Make your special year-end gift by December 31st.

Give Now

Ask the Conservationist

October 2012: What can we do about invasive Lionfish in the Atlantic?

One solution for this growing population of invasive species that threatens our fishing industry? Eat them.

For the past few years, there has been a rapid spread of lionfish, and it has been predicted that if we don’t curb the lionfish explosion, we can expect smaller fishing catches in the future.

One reader questions what can be done about the growing population of this invasive species.

Read the answer from one of the Conservancy’s experts on oceans and coasts below, and don’t forget to send us your questions on any conservation subject for one of the Conservancy's 550 staff scientists. (Note: We regret that we can only answer one or two questions each month and that we cannot answer the others offline.)


David M. Lefever from Chevy Chase, MD, writes: What, if anything, should we do to address the growing population of lionfish in Atlantic Ocean waters?

Eleanor Phillips, The Nature Conservancy's Northern Caribbean program director, replies:

Lionfish feed on larval and juvenile grunts, snapper, other fish and crustaceans that are important for food and export. If this invasion continues, our fishing industry – which is very important in a country like The Bahamas – could suffer.

Most scientists and conservationists think aquarium owners in the Southeast United States released the lionfish into the shallow inland bays and estuaries, possibly in Florida. There was also a possible linkage to a breach of a marine aquarium in the southeast during the passage of a hurricane, which ended up releasing several lionfish into the ocean. Lionfish are now consistently observed all over the wider Caribbean region and along the eastern seaboard.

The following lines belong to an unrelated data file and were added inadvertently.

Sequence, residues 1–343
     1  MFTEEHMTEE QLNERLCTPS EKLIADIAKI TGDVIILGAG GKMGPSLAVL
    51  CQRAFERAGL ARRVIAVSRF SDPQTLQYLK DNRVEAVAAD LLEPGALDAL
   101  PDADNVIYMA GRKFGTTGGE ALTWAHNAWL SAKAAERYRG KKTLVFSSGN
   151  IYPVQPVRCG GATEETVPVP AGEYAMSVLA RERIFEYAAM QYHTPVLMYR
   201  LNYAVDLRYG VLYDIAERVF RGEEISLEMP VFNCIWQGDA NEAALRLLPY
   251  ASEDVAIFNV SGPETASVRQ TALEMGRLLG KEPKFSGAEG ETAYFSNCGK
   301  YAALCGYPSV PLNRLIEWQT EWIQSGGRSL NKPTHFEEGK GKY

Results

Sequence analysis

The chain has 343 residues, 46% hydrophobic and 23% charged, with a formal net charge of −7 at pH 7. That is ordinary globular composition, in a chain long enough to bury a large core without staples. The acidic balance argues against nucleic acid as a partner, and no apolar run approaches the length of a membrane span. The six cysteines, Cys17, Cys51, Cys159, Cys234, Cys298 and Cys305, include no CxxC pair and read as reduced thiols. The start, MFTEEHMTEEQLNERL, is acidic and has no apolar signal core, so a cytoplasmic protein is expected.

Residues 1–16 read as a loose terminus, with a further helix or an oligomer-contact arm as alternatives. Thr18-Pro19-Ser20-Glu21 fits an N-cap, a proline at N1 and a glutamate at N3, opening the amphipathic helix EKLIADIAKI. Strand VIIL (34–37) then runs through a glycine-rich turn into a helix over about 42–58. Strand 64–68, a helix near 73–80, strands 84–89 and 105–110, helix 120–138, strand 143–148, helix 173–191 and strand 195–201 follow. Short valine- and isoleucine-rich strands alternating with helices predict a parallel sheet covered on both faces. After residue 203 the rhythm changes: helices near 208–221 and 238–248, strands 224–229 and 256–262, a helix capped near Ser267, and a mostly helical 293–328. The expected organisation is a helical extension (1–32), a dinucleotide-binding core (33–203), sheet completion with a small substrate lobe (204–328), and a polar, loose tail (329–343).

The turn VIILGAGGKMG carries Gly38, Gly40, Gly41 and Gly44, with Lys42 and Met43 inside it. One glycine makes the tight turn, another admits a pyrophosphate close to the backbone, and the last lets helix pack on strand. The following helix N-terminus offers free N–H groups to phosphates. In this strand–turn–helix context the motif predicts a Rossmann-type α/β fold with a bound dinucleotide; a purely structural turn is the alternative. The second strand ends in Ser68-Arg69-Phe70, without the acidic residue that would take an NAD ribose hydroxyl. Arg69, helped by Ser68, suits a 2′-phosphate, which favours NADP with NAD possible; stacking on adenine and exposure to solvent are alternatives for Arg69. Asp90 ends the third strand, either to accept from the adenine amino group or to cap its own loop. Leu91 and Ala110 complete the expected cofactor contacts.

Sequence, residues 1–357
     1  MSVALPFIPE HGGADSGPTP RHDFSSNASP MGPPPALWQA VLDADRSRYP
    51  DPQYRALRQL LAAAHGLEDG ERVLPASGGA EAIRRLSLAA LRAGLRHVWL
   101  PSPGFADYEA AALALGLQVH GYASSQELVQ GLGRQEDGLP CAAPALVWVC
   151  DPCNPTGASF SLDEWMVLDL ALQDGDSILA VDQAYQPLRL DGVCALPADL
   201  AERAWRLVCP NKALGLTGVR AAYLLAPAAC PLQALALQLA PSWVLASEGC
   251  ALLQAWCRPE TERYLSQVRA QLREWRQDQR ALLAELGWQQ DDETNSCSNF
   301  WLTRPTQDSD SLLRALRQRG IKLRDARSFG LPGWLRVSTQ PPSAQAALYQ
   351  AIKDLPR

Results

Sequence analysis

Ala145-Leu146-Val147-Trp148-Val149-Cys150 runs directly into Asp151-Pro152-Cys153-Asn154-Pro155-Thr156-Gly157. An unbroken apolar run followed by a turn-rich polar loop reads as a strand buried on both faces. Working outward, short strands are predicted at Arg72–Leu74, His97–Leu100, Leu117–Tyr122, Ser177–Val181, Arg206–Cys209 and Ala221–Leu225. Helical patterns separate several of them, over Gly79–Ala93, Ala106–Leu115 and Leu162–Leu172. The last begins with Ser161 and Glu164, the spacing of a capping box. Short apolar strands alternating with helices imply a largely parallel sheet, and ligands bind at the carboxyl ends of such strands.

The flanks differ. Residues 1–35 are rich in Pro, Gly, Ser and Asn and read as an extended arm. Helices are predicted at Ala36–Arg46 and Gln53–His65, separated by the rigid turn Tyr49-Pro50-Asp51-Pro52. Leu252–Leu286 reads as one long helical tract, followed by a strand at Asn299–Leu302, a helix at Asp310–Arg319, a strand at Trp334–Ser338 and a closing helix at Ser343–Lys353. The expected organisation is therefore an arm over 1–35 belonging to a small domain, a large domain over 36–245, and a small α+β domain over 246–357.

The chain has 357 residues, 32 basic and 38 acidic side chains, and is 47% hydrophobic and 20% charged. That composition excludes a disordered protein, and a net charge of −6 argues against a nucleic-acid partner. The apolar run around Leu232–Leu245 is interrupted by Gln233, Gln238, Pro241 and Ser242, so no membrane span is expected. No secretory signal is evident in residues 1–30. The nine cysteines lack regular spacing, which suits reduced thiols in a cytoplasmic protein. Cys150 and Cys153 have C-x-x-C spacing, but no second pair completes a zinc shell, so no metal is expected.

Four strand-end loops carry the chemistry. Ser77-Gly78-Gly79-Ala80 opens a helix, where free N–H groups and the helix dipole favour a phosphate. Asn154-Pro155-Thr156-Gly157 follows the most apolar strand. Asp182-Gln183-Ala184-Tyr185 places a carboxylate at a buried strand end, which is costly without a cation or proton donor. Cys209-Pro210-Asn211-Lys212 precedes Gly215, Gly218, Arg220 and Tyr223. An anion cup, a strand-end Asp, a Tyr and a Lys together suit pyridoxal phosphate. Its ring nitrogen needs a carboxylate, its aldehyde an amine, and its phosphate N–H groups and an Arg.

Lionfish numbers in the Atlantic – especially around the Bahamas – were low initially but quickly and significantly increased for several reasons:  

  • Lionfish have no known natural predators;
  • There initially was no fishing pressure on the lionfish, as fishermen were reluctant to capture lionfish because of a lack of understanding of the lionfish biology;
  • Lionfish have no natural predator in the Atlantic, and reproduce more frequently in our region than in their natural range.

In many countries such as China and Indonesia, lionfish are eaten by locals. There has been a tremendous amount of public outreach and education targeting the wider Bahamian population including training workshops for fishermen on how to handle and prepare lionfish. Lionfish is delicious and can be used in any fish recipes calling for fish filet or whole small fish.

The Nature Conservancy is working with several agencies to increase public awareness of the impact that lionfish are having on marine resources in the Atlantic and around the Bahamas. Bahamian residents are being trained on how to identify and safely remove lionfish from shallow seas, and The Bahamian Department of Marine Resources (DMR) has started an environmental awareness and education program about lionfish. The Nature Conservancy recently produced a lionfish lifecycle poster geared towards increasing the public’s awareness of the impact of this species on our marine resources. 

The College of The Bahamas Marine and Environmental Sciences Institute has also conducted genetic research on the origin of the lionfish as well as conducting targeted surveys to determine the impact this species is having on our marine environment.

Read a Q&A about lionfish with Eleanor Phillips.

We’re Accountable

The Nature Conservancy makes careful use of your support.

More Ratings